I know, it's difficult to believe considering you've got enough snow in your yard at the moment to open your own ski resort, but this is the honest truth, thank goodness: Pitchers and catchers report to Fort Myers on Feb. 12 — just 21 days from now.
Well, pitchers will report, anyway. In a leap of faith, we’re simply going to assume Theo Epstein will have secured a legitimate starting catcher by then. We’d hate to see the puzzled look on Daisuke Matsuzaka’s face as John Farrell tells him to get loose by throwing to a Spalding 15275 Pitching Target Return Throw Back Stop. (Catchy name, no?)
So while we endure our own ongoing wintry version of the Big Dig, here is an inning’s worth of Red Sox items to keep you warm. (What’s that? You say snow isn’t the only thing I’m shoveling? Cheap, cheap shot ...)
We await Varitek’s fate
At this writing, longtime and generally beloved Red Sox catcher Jason Varitek remains in self-inflicted limbo, having turned down arbitration only to discover this cold truth: He and his agent, the execrable but usually remarkably effective Scott Boras, made a serious miscalculation about Varitek’s perceived value, particularly when a first-round pick is attached as compensation. So much for matching Jorge Posada’s four-year, $52 million benchmark, eh, Scottie?
It seemed a resolution might have been imminent late last week when Varitek requested a one-on-one meeting with Red Sox owner John Henry at the catcher’s home in Atlanta, but both men have been purposefully vague regarding what was said and if any matters were settled, though the apparently well-sourced Heidi Watney indicated on NESN that Varitek’s primary desire is a two-year deal.
So the stalemate lingers. I suppose the loyal order of the ’Tek Appreciation Society will be skeptical of this statement, seeing how I’m prone to pointing out such things as statistics that suggest he’s done as a competent major league hitter (remember, he batted .225 in the second half in 2007) while dismissing the value of his alleged intangibles, but I truly do hope Varitek gulps down his pride and returns to the Red Sox as part of a catching tandem. Although I disagree with the theory that his knowledge would ease the transition to Boston for the new pitchers on the staff — John Smoltz spent much of his career throwing to Javy Lopez, which means he can thrive with just about any nitwit behind the plate — there is some value in his familiarity with the holdovers on the staff, and it may be worth more than he will cost. Plus, he will work cheap.
Health issues follow Ortiz, Beckett
In a sense, the Red Sox’ signature hitter and starting pitcher will enter the new season under similar circumstances, with similar things to prove. And whether either — or both — comes through will go a long way toward deciding the fate of the Sox this season.
Both David Ortiz and Josh Beckett suffered through frustrating seasons in 2008. Beckett was never quite right from his first pitch, suffering a back injury in camp, enduring a sore elbow in late summer, then sacrificing most of his velocity and command to an oblique injury in the postseason. After winning 20 games and finishing second in the Cy Young voting in ’07, he labored to a 12-10 record with a 4.03 ERA last season. Though his struggles were disconcerting to watch, with good health — and, let’s face it, a rededication to a conditioning regimen, preferably one that doesn’t consist of hanging out in a hunting blind with Mike Timlin and Larry the Cable Guy for 12 hours — the 29-year-old should have little trouble proving that last season’s maddening mediocrity was a fluke.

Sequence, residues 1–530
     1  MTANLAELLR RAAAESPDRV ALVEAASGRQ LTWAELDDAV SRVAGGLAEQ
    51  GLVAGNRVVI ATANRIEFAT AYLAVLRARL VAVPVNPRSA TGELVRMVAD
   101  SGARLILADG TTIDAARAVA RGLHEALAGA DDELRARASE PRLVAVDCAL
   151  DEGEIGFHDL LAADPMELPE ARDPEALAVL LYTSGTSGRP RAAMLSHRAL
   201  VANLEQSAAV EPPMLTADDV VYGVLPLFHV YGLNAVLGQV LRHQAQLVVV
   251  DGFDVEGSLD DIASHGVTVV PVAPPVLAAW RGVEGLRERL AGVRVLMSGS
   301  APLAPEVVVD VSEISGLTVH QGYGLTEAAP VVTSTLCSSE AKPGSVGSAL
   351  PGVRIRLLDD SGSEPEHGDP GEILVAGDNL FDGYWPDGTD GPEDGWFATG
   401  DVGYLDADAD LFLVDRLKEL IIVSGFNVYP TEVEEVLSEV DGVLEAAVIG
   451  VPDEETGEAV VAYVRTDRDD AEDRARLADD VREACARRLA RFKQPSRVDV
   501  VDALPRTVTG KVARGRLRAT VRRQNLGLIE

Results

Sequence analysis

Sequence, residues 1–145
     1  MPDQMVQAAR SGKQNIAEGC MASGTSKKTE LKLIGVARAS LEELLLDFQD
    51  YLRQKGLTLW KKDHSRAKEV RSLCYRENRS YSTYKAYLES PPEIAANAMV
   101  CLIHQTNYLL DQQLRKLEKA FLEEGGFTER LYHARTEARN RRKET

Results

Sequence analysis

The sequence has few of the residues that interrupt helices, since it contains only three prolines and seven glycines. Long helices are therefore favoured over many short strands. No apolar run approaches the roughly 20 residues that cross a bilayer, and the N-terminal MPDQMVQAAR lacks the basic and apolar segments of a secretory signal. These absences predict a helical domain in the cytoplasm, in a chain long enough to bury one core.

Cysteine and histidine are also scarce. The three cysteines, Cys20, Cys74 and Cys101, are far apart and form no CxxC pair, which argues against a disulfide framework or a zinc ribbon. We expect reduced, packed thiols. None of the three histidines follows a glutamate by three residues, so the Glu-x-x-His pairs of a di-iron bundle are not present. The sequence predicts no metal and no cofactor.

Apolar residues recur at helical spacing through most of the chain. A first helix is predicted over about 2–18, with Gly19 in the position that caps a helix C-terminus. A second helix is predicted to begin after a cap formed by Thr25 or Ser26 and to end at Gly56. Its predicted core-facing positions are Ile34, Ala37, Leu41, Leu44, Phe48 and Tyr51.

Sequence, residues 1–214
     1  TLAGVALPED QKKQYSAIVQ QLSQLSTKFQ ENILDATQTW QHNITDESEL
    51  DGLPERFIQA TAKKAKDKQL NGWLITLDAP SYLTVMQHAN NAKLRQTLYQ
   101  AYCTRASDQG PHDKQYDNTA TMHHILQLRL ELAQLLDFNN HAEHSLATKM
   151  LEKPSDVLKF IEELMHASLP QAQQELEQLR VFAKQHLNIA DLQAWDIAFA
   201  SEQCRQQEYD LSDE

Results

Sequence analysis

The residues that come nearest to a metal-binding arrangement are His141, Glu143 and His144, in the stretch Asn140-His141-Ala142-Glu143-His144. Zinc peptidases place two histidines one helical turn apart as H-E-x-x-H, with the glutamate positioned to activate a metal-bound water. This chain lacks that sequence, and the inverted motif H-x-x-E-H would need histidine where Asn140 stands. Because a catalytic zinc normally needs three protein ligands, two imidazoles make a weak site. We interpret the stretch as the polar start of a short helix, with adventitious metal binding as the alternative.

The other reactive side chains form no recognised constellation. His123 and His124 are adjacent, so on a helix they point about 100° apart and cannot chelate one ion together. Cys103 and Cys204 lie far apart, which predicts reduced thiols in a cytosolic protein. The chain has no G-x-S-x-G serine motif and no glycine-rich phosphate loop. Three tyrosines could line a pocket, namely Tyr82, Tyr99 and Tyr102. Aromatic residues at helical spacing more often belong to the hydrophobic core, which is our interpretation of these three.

With Ortiz, there is greater reason for concern. He’s 33 years old, coming off a wrist injury that limited him to just 109 games, and struggled often enough when he was in the lineup that his slugging percentage plunged from .621 to .507. Of course we all hope Papi finds his superheroic form, and if his body cooperates … well, I know better than to write that man off. But it’s foolish to assume he’ll be a 1.000-OPS force again, and so there’s a reason the Red Sox deeply coveted Mark Teixeira and did their due diligence on Hanley Ramirez — they simply aren’t convinced that their lineup is as deep as it needs to be in the mighty AL East. Which brings us to …
The pivotal role of Jason Bay
Speaking entirely with my heart, count me with that Pierce fella on the back page — bring back Manny! Okay, I realize he’s being satirical, while I’m standing alone as the Last Enabling and Delusional Manny Ramirez Apologist in New England. Hey, we all have our little niche in the world. That’s mine. I’m cool with it.
But in my usual roundabout way, it brings me to the point: These Red Sox are going to require substantial offensive feats from Manny’s successor in left field, Jason Bay. Consider: Papi, Mike Lowell, and J.D. Drew are question marks physically, Kevin Youkilis and Dustin Pedroia need to prove that they are capable of MVP-caliber seasons again, Jed Lowrie and Jacoby Ellsbury are promising but unproven, and there is no catcher to speak of.
Bay, who averages 31 homers and 103 RBI over 162 games in his six-year career, is the surest thing in this lineup entering the season, and the Sox need him to be every bit as fantastic as he was after being freed from Pittsburgh purgatory at the trade deadline. Is he capable of such production over a full season? Let’s put it this way: Although it’s somewhat alarming that his three most similar age 29 comparisons are Geoff Jenkins, Ryan Klesko, and Bobby Higginson, Bay’s OPS with the Red Sox (.897) is only .006 higher than his career OPS (.891). The player we saw last season is the player Jason Bay has been his entire career.
Now, if only he could catch.
OT columnist Chad Finn is a sports reporter for Boston.com and can be reached at firstname.lastname@example.org